Wednesday 8 February 2023

Ofelia Fernandez: Inspiring young women all over Latin America

A determined feminist, Ofelia Fernandez is the youngest lawmaker in Latin America. The 20-year-old is an icon for many, but she has a few detractors.

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Q REPORTS – Ofelia Fernandez is certainly not shy. The 20-year-old is keen to share her opinions about the deeply-rooted macho culture in Argentina and Latin America as a whole, women’s rights, and how the younger generation needs to be able to shape the world of politics more. Right now, she believes, it is rusty and out of touch.

The young lawmaker says she’s always sought the reasons for social inequalities, even as a child

“I don’t expect anyone to pretend to be generous by telling us about our future,” she said in a campaign video in June 2019 that was posted on Instagram. “They have to accept that we are the damned present and it’s our turn now.”

She was running to become the youngest ever member of the Buenos Aires city legislature and she succeeded and at the same time became the youngest lawmaker in Latin America.

A Next Generation Leader

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Last year, Time Magazine selected her a Next Generation Leader and she has been compared to the US congresswoman Alexandria Ocasio-Cortez.

When she was 17, she put a considerably older expert in his place after he interrupted her and dismissed her as “chiquita” (little girl) during a television debate. “Don’t you call me chiquita,” she told him. The scene went viral. That was three-and-a-half years ago, when students protested en masse against neoliberal education reforms.

But she really made a name for herself as a prominent figure in Argentina’s “Revolution of the Daughters” movement, in which women donned green scarves and waved green flags to campaign for abortion rights.

Abortion is a very controversial subject on the majority Catholic continent, where it is illegal in a number of countries, even if a woman was raped or is in mortal danger.

Fernández with a banner carrying the feminist slogan ‘Now is the Time’

“We’re the ones who have abortions, and now it’s up to you to give us the right to decide,” Fernandez told lawmakers as Congress debated a bill to legalize abortion, a year before her official political career began. “If you don’t, just know that you’re sending us to die in your war, without our permission.”

“You have to get used to the fact that we ourselves decide what life we want to lead,” she said.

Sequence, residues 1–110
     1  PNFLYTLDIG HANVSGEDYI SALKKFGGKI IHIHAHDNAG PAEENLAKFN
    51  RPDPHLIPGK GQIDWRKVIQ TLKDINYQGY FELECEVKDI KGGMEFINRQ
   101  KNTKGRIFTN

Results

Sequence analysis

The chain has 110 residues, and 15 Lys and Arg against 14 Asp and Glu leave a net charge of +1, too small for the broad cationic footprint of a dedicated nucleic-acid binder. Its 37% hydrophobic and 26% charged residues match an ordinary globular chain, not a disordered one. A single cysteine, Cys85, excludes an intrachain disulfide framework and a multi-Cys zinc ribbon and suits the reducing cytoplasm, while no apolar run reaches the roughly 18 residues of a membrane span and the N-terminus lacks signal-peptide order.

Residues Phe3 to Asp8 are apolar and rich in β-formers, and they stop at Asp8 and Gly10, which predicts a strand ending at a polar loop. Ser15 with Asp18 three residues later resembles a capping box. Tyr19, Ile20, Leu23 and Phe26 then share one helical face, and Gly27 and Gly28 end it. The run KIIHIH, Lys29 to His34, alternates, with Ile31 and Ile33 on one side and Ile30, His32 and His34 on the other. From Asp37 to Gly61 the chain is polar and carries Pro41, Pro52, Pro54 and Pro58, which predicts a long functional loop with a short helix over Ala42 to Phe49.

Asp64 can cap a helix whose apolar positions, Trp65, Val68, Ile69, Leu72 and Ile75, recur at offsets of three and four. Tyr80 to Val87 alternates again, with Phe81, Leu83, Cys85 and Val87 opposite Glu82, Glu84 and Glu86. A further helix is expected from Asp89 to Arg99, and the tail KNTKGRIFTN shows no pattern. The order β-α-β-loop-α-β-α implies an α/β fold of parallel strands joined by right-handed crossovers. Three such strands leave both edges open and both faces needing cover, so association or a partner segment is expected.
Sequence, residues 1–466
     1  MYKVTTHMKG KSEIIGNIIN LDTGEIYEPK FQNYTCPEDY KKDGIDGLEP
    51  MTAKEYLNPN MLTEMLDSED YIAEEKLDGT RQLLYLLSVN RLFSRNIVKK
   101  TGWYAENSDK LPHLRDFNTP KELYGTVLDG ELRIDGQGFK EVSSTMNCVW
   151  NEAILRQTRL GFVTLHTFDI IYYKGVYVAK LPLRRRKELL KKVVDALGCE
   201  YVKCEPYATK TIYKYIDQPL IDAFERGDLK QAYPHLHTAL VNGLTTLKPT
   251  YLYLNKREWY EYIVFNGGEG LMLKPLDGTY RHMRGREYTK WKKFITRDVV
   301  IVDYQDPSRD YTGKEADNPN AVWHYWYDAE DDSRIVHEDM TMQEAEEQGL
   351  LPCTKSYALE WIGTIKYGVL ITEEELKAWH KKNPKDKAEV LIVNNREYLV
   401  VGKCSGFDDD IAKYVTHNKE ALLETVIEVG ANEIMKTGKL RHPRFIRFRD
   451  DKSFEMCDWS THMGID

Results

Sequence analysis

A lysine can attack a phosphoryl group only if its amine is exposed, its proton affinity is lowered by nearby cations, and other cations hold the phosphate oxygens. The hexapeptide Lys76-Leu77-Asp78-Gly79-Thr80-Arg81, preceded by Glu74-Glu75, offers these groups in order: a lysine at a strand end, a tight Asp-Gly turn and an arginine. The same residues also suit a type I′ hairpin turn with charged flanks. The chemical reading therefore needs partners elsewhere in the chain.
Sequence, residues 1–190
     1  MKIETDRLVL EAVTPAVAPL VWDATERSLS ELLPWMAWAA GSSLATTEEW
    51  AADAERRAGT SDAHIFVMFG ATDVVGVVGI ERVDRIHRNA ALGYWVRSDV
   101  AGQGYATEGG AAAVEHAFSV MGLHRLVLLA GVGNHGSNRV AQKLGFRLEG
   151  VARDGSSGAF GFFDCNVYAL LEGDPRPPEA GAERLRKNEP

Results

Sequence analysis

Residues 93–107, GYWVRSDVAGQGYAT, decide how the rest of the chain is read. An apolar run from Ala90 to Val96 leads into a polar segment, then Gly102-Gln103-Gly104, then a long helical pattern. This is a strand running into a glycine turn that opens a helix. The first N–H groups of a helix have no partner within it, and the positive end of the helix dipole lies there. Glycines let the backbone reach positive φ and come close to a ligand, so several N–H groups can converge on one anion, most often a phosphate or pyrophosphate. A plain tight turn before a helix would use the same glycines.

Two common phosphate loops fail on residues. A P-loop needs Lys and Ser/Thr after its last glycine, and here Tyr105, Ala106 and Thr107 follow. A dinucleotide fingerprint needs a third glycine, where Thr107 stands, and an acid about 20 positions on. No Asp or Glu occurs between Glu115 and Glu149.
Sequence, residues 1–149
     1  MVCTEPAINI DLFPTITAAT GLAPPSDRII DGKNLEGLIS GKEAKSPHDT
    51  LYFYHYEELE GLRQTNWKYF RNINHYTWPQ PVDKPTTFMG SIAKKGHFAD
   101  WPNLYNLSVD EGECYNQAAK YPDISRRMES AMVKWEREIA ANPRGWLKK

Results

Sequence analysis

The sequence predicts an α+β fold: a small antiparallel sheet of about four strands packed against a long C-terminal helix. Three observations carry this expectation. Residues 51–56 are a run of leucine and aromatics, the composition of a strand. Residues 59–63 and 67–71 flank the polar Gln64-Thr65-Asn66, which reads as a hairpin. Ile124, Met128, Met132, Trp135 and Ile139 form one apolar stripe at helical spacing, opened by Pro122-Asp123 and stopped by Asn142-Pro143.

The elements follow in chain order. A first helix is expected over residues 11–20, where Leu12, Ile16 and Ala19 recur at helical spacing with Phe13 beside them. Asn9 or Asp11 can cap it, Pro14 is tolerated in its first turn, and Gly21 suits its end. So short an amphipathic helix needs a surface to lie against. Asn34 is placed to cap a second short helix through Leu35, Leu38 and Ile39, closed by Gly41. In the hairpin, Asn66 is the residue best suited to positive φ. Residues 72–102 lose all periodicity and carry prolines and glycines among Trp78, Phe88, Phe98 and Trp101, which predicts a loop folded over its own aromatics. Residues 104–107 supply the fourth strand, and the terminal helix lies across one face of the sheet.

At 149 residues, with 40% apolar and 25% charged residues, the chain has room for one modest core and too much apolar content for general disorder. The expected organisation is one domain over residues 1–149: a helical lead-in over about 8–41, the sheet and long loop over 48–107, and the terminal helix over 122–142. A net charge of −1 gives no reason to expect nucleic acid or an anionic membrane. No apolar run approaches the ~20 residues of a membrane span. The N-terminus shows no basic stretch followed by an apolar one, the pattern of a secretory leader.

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The bill was defeated in the senate, a slap in the face for Fernandez and the women’s movement. Illegal abortions continued, however, in poor hygienic conditions and often with fatal consequences.

Fernandez’ success eventually came when the bill was passed at the end of 2020. Abortions were made legal until the 14th week with the state footing the bill. Thousands of women poured out onto the streets to celebrate this victory against the patriarchy, hugging each other and crying for joy.

Early questions about equality

From a middle-class background with a musician father and office-worker mother, Fernandez has said that she became a feminist by chance. In a television interview, she said that she had always sought the reasons for social inequalities and as a child she had asked why she had food to eat while others didn’t.

She was 15 when she became the first female president of the student council at her school, one of the best state schools in Argentina. This was the time when the feminist “Ni una menos” (“Not one woman less”) movement kicked off in Argentina. Fernandez protested against femicides, sexual abuse and the gender pay gap. She says that this is when she began thinking about feminism and her worldview changed: “Feminism is one perspective and I had to rethink my logic and priorities.”

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Today, Fernandez has become an icon for many, offering hope to a whole generation which does not feel sufficiently represented. She is honest and approachable, and also very direct. She has said in interviews that it was not easy to run for the leftist “Frente de Todos” (Everybody’s Front) coalition, but that she was not able to resist the opportunity: “I didn’t want to be responsible for changes not happening. For them to keep delaying the actions young people are calling for on the environment, on feminism.”

Some see the young lawmaker as a nuisance, with her demands that officials be taught about gender issues or her campaigns for free and healthy school meals. She has also received a lot of online abuse. Her Instagram account has almost half a million followers but not all are fans. She told Time Magazine that the abuse upsets her but that she had to “resist.”

“I have to remind myself that they’re doing this not only so that I resign, but also to put off any girls who see me and feel inspired to step up and get involved in student activism or unions or politics.”

Fernandez turns 21 in April, so she has plenty of time to continue inspiring others and campaigning for a more equal world.

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Q Costa Rica
Reports by QCR staff

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